### Ontology-based n-ball Concept Embeddings Informing Few-shot Image Classification

We propose a novel framework named ViOCE that integrates ontology-based background knowledge in the form of $n$-ball concept embeddings into a neural network based vision architecture. The approach consists of two components - converting symbolic knowledge of an ontology into continuous space by learning n-ball embeddings that capture properties of subsumption and disjointness, and guiding the training and inference of a vision model using the learnt embeddings. We evaluate ViOCE using the task of few-shot image classification, where it demonstrates superior performance on two standard benchmarks.

### Blockchains through ontologies: the case study of the Ethereum ERC721 standard in OASIS (Extended Version)

Blockchains are gaining momentum due to the interest of industries and people in \emph{decentralized applications} (Dapps), particularly in those for trading assets through digital certificates secured on blockchain, called tokens. As a consequence, providing a clear unambiguous description of any activities carried out on blockchains has become crucial, and we feel the urgency to achieve that description at least for trading. This paper reports on how to leverage the \emph{Ontology for Agents, Systems, and Integration of Services} ("\ONT{}") as a general means for the semantic representation of smart contracts stored on blockchain as software agents. Special attention is paid to non-fungible tokens (NFTs), whose management through the ERC721 standard is presented as a case study.

### Fixpoint Semantics for Recursive SHACL

SHACL is a W3C-proposed language for expressing structural constraints on RDF graphs. The recommendation only specifies semantics for non-recursive SHACL; recently, some efforts have been made to allow recursive SHACL schemas. In this paper, we argue that for defining and studying semantics of recursive SHACL, lessons can be learned from years of research in non-monotonic reasoning. We show that from a SHACL schema, a three-valued semantic operator can directly be obtained. Building on Approximation Fixpoint Theory (AFT), this operator immediately induces a wide variety of semantics, including a supported, stable, and well-founded semantics, related in the expected ways. By building on AFT, a rich body of theoretical results becomes directly available for SHACL. As such, the main contribution of this short paper is providing theoretical foundations for the study of recursive SHACL, which can later enable an informed decision for an extension of the W3C recommendation.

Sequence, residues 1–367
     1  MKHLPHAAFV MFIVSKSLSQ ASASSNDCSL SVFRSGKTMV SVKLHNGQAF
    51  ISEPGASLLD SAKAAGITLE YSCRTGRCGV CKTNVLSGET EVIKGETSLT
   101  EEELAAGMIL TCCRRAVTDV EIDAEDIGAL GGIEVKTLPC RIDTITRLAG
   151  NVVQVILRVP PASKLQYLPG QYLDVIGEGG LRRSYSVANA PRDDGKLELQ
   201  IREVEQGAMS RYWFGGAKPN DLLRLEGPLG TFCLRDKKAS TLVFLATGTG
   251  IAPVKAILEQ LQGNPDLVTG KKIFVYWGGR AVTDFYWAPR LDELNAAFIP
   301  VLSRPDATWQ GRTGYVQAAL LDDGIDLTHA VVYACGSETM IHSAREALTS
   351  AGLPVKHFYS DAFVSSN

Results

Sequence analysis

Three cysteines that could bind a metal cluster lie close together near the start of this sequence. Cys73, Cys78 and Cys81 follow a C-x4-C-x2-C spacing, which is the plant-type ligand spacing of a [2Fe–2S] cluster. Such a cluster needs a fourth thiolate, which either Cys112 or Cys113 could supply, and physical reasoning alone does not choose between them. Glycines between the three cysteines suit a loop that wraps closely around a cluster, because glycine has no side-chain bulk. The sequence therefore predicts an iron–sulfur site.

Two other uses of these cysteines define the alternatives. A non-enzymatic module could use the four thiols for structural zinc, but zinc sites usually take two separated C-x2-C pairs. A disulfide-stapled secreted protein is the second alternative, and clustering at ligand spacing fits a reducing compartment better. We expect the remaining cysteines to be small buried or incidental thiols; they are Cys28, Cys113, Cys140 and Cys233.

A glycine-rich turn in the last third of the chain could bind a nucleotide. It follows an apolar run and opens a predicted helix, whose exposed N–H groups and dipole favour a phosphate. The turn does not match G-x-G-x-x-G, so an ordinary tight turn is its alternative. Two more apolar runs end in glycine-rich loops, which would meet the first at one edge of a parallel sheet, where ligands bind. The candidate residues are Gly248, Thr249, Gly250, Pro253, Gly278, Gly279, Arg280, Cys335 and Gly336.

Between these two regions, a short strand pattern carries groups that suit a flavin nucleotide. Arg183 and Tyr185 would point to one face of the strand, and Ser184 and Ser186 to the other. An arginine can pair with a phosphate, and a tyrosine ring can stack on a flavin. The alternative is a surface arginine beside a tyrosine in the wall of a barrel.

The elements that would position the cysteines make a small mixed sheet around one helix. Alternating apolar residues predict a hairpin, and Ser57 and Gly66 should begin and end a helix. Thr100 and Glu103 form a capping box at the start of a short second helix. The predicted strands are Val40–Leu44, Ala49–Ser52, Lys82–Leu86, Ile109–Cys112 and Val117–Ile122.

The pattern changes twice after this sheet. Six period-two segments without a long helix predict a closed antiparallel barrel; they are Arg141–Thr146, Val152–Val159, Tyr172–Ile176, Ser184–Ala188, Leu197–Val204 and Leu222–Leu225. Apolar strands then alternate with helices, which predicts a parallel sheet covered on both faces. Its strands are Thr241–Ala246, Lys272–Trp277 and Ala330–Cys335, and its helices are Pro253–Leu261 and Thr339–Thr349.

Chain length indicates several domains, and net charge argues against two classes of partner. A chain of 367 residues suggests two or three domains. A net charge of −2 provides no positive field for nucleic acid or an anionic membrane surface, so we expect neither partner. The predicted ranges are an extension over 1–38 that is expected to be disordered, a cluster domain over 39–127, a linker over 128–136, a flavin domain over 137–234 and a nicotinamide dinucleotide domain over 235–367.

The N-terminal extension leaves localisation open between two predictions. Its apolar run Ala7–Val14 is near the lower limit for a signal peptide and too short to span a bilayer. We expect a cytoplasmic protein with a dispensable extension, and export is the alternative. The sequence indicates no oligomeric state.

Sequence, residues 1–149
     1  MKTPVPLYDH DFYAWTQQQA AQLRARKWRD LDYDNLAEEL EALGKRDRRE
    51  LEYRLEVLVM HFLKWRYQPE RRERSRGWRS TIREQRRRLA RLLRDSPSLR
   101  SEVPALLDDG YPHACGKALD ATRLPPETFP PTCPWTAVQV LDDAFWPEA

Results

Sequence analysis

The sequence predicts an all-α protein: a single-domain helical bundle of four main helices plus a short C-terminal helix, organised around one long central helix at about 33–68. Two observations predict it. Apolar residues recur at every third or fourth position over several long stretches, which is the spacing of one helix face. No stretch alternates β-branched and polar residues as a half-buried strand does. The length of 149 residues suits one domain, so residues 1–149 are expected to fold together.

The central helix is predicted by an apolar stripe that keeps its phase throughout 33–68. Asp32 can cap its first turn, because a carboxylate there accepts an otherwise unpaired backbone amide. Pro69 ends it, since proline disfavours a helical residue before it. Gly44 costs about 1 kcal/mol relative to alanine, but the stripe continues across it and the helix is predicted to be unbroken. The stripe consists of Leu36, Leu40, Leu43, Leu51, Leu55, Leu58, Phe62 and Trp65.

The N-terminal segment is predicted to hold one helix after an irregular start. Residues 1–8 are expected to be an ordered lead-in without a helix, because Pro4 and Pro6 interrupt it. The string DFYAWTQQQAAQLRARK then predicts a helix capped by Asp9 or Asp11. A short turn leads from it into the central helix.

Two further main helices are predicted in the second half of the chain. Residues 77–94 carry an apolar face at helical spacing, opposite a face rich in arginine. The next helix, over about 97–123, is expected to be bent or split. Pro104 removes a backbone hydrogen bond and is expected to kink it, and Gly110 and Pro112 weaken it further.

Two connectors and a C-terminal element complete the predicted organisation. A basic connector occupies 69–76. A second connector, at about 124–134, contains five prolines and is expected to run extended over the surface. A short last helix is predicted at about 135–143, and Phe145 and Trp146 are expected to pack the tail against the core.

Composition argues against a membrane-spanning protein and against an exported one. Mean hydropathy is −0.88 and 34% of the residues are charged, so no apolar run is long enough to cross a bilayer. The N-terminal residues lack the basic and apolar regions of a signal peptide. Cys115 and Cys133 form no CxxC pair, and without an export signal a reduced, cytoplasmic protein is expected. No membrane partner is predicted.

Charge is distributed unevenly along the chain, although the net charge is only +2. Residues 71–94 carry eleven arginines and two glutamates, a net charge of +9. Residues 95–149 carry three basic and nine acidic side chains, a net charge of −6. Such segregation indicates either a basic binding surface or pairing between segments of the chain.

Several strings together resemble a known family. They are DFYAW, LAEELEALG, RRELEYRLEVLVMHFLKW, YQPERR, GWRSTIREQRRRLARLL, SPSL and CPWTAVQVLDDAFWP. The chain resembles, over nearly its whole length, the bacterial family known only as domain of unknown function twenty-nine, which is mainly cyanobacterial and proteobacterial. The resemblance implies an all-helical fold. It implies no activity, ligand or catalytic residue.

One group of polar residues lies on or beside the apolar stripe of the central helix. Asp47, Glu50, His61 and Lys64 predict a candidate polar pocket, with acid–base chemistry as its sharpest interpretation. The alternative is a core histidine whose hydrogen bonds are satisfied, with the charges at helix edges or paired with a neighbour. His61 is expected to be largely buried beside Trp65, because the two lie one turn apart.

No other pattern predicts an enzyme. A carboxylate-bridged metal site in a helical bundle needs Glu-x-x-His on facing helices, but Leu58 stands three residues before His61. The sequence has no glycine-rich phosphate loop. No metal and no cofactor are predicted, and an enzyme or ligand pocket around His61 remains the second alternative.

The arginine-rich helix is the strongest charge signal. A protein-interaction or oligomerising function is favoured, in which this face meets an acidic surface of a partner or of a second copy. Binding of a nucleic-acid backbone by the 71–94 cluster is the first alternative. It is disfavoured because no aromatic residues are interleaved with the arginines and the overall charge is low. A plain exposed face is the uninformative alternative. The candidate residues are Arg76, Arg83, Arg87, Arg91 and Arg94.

### An Ontology-Based Information Extraction System for Residential Land Use Suitability Analysis

We propose an Ontology-Based Information Extraction (OBIE) system to automate the extraction of the criteria and values applied in Land Use Suitability Analysis (LUSA) from bylaw and regulation documents related to the geographic area of interest. The results obtained by our proposed LUSA OBIE system (land use suitability criteria and their values) are presented as an ontology populated with instances of the extracted criteria and property values. This latter output ontology is incorporated into a Multi-Criteria Decision Making (MCDM) model applied for constructing suitability maps for different kinds of land uses. The resulting maps may be the final desired product or can be incorporated into the cellular automata urban modeling and simulation for predicting future urban growth. A case study has been conducted where the output from LUSA OBIE is applied to help produce a suitability map for the City of Regina, Saskatchewan, to assist in the identification of suitable areas for residential development. A set of Saskatchewan bylaw and regulation documents were downloaded and input to the LUSA OBIE system. We accessed the extracted information using both the populated LUSA ontology and the set of annotated documents. In this regard, the LUSA OBIE system was effective in producing a final suitability map.

### Matching with Transformers in MELT

One of the strongest signals for automated matching of ontologies and knowledge graphs are the textual descriptions of the concepts. The methods that are typically applied (such as character- or token-based comparisons) are relatively simple, and therefore do not capture the actual meaning of the texts. With the rise of transformer-based language models, text comparison based on meaning (rather than lexical features) is possible. In this paper, we model the ontology matching task as classification problem and present approaches based on transformer models. We further provide an easy to use implementation in the MELT framework which is suited for ontology and knowledge graph matching. We show that a transformer-based filter helps to choose the correct correspondences given a high-recall alignment and already achieves a good result with simple alignment post-processing methods.